Case in point: The company that makes Monster Energy Drink recently sued Bang for false advertising because Bang claimed their beverage was a “miracle drink” that contained something called “Super Creatine”. Turns out, Bang didn’t even contain creatine.
Monster won the lawsuit, and Bang was ordered to stop promoting the false claim. (You’ll see the mandated statement about the verdict at the top of the Bang website now, though my grocery store was still selling cans with the “Super Creatine” claim.)
There are a lot of other appealing-sounding claims on labels (that aren’t proven or approved by the FDA and are simply marketing messages) like these:
- “Immune support”
- “Mental boost”
- “Enhanced sport performance
- “Potent brain and body fuel”
- “Body rocking fuel”
- “Vitalizes body and mind”
5. Energy drinks aren’t meant for kids
Many energy drinks are labeled that they’re not recommended for children under 18, women who are pregnant or nursing, or people who are sensitive to caffeine.
But even though the drinks says they’re not designed for kids and teens, that age group is definitely drinking them. In one study, more than 40 percent of 11-18 year olds reported having them in the last two weeks.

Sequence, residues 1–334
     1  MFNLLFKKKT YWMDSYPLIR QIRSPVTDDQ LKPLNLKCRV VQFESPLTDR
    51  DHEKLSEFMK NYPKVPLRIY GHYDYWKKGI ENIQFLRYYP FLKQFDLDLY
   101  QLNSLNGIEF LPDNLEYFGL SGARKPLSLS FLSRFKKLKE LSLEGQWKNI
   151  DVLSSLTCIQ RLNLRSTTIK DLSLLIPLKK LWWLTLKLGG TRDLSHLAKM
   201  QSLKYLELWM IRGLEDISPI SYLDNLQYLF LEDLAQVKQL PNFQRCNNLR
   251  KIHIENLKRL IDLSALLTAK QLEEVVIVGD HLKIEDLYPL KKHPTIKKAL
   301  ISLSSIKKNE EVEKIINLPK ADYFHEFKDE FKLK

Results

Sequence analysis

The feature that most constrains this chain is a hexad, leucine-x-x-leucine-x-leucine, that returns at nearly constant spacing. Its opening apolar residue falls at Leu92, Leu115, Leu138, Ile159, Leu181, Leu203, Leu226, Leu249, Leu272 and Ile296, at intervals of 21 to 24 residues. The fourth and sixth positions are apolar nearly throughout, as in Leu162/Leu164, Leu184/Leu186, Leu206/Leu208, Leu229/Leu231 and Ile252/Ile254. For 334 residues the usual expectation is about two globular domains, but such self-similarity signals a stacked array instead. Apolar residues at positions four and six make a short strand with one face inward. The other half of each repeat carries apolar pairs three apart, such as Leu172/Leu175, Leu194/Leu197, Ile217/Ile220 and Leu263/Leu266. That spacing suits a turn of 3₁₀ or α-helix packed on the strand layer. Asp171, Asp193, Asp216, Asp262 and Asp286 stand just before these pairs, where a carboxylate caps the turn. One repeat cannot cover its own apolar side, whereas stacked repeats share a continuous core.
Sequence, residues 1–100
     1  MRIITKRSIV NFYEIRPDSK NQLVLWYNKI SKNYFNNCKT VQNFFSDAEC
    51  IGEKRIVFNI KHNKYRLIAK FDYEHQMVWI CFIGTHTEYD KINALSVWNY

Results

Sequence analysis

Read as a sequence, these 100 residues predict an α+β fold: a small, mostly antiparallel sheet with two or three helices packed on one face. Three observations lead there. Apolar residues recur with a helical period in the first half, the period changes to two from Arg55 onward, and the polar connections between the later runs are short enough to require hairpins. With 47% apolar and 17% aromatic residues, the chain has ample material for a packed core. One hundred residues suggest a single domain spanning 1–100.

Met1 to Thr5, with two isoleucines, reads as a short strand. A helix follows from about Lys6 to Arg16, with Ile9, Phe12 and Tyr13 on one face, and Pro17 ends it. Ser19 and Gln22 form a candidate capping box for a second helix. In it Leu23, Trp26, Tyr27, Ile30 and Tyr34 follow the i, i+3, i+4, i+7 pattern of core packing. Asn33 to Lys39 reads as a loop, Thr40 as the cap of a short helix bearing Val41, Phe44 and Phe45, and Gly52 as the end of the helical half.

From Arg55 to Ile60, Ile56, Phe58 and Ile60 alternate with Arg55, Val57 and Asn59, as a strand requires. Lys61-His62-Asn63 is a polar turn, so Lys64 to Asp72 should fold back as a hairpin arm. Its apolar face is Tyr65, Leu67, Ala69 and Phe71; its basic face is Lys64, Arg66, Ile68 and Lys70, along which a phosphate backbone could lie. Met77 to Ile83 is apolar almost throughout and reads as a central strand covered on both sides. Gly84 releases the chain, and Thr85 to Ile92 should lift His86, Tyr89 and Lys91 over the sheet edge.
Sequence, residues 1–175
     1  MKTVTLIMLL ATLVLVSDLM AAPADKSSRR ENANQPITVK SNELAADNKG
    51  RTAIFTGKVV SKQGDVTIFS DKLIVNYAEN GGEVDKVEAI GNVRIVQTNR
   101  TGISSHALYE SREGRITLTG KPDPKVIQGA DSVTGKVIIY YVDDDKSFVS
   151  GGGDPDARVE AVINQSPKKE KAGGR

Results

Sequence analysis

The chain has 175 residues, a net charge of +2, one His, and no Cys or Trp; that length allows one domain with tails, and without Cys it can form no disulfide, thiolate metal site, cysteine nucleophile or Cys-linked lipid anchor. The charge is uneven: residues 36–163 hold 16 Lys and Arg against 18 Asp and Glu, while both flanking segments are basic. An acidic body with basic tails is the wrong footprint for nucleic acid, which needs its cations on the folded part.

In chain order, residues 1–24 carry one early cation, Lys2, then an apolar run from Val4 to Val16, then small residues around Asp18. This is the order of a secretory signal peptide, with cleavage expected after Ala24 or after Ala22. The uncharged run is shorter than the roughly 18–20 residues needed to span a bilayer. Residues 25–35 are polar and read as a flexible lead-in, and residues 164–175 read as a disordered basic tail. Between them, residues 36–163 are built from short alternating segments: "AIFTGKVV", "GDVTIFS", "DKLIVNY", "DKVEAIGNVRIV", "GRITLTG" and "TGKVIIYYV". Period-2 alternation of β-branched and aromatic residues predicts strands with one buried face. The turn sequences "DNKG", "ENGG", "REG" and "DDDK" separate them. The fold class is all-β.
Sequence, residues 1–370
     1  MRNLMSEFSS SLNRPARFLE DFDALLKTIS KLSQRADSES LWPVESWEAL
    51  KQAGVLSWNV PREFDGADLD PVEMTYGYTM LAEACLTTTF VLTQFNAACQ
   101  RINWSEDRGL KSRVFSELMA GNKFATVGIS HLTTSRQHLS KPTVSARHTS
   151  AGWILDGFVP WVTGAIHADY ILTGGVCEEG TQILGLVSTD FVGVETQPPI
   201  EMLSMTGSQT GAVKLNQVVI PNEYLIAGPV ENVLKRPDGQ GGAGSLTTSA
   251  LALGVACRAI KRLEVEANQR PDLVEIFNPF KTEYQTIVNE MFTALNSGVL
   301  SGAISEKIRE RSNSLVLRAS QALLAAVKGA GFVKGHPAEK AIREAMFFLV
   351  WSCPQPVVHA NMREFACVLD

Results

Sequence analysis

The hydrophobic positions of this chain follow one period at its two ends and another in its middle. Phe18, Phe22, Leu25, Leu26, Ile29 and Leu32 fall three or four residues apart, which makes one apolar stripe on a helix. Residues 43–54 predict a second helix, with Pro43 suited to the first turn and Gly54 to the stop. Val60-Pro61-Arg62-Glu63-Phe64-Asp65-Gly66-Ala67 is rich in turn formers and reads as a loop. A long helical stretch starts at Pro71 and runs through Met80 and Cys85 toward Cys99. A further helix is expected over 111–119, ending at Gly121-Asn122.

The packaging and marketing certainly feel aimed at a younger set, with brightly colored cans and graphics and flavors like Razzle Berry and Pacific Punch.
In fact, in a study of kids ages 11-18, one reason mentioned for buying energy drinks was “‘I like the can—it looked cool so I bought it”.
In a clinical report, the American Academy of Pediatrics (AAP) warns against the use of energy drinks and says:
“Rigorous review and analysis of the literature reveal that caffeine and other stimulant substances contained in energy drinks have no place in the diet of children and adolescents.”
The AAP cautions that adolescents shouldn’t have more than 100 mg of caffeine each day, but some energy drinks (like Reign) have triple that amount in one can. Health Canada sets their caffeine recommendation maximum daily amount at 2.5 mg per kg of body weight. That’s about 150 mg of caffeine for a 130-pound teenager–just half a can of Bang.
6. Energy drinks can cause real harm
There have been some deaths attributed to energy drinks as well as thousands of visits to the ER each year and frequent calls to poison control centers. In 2011, nearly 1500 kids ages 12-17 went to the emergency room in the United States for an energy drink related emergency, according to the Centers for Disease Control and Prevention (CDC).